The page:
Dutch carnival cake
The Dutch Carnival Cake, also known as Carnival Cake (Dutch: Kermiskoek), is traditionally a Dutch delicacy that is similar to gingerbread cake. Its old recipe holds a variety of ingredients among which are freshly harvested rye flour and freshly harvested honey from the Betuwe region, additionally the cake is enriched with rock candy.
The Carnival Cake has a rich tradition, which sunk into oblivion over time. However, because the Carnival Cake was adopted in the list of the Centre for Folklife and Cultural Heritage - a country wide organization similar to UNESCO - the tradition can be maintained. Since this tradition was adopted, the original Dutch Carnival cake is procurable all year long.
Back in 1871 Jan ter Gouw already described the Carnival Cake in his book Folk Amusement (Volksvermaken). From this book the following song originated:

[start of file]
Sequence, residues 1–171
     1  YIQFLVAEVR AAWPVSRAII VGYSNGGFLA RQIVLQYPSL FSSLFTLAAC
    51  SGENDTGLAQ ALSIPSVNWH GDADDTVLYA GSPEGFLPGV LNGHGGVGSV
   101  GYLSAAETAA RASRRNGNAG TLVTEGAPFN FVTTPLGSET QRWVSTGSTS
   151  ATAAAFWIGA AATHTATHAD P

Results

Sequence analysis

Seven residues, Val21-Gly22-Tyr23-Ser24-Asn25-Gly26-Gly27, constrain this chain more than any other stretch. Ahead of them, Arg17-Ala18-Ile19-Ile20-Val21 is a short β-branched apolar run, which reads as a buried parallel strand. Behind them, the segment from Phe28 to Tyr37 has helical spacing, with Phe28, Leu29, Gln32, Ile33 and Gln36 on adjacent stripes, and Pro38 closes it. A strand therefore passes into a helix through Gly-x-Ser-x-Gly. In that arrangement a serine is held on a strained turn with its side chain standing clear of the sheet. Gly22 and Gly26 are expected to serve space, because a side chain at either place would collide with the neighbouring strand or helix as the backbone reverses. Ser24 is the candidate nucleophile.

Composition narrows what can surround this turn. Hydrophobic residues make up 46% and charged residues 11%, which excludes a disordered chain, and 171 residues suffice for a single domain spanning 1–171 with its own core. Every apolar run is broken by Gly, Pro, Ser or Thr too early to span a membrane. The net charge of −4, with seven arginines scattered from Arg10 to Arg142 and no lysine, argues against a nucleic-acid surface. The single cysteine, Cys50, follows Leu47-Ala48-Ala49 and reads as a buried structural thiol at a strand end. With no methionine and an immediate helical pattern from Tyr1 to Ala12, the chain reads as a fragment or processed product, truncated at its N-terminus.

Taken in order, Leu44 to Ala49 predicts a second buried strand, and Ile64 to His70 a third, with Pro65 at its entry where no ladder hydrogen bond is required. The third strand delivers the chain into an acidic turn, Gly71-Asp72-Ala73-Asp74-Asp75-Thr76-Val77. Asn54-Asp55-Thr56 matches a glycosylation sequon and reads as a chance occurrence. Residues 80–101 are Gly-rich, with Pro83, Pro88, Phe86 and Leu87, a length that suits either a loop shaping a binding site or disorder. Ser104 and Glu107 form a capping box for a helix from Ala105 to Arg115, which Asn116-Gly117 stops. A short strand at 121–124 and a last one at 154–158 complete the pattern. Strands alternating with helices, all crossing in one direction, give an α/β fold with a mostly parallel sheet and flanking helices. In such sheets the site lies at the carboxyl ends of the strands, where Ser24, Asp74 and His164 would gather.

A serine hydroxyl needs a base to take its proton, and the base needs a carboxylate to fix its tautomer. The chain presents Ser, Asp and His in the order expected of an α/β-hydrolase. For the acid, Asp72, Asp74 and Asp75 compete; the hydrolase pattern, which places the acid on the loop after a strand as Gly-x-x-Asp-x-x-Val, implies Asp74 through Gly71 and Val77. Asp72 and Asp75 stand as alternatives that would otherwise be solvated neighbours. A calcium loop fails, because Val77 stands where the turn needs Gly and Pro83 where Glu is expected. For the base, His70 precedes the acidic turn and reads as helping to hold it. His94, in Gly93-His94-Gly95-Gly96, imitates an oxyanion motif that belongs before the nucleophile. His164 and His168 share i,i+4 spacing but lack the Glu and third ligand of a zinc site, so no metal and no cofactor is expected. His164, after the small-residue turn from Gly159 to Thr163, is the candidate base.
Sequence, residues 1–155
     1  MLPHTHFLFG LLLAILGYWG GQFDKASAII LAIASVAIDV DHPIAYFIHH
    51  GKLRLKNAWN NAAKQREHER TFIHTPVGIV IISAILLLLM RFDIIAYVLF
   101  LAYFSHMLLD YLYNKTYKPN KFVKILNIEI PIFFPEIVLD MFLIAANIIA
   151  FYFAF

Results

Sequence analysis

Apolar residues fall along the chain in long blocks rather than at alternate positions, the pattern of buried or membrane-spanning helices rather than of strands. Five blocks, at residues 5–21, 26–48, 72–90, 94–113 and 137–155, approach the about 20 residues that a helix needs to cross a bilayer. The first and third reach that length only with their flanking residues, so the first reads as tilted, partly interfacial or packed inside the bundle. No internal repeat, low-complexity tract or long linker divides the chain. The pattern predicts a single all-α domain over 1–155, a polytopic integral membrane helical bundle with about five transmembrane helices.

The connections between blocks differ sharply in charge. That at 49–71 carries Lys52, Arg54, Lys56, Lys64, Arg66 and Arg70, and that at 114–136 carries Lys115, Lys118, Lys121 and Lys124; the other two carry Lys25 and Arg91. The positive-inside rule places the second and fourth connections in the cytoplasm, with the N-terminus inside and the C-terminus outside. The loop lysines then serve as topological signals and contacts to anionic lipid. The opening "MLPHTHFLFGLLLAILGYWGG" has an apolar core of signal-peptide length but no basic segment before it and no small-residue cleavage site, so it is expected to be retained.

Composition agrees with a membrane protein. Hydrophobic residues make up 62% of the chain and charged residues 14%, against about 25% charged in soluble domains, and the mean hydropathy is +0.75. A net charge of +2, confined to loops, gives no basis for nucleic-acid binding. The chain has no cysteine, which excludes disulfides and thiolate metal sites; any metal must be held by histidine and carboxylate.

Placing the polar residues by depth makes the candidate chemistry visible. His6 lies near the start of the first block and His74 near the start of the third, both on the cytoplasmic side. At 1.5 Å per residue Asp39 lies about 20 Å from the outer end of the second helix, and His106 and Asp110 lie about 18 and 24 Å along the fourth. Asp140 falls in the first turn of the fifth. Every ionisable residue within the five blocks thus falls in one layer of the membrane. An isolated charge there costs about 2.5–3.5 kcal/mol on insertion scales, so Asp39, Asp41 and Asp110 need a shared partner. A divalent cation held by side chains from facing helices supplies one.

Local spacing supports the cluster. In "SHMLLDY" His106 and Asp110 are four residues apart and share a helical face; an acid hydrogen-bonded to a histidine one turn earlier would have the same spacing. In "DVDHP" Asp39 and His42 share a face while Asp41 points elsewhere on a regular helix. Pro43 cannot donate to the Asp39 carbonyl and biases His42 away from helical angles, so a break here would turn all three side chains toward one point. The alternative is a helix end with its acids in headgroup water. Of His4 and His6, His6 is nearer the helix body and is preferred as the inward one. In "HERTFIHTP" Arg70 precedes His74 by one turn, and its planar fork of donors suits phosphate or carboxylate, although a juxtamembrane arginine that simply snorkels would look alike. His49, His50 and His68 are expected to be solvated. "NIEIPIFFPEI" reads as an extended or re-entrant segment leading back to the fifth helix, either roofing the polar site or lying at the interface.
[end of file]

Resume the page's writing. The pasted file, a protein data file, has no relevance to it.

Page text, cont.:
|“||“Jan, just buy me a Cake! Pretty girl, I've got no money”||”|
Historically, the Dutch Carnival Cake was made solely in October for the autumn carnival of Tiel. It used to be given as a wedding proposal present. A farmer’s son bought a Carnival Cake for his beloved. If the girl gave him a slice of the cake on the eighth or fourteenth day after the proposal, they would get engaged. If she did not serve the cake, she turned down his offer. Nowadays the offering of the lovecake is not a proposal anymore, but a token of love and appreciation between partners, family and friends.
There is still a Dutch bakery that produces the Carnival Cake, and so the tradition is being continued.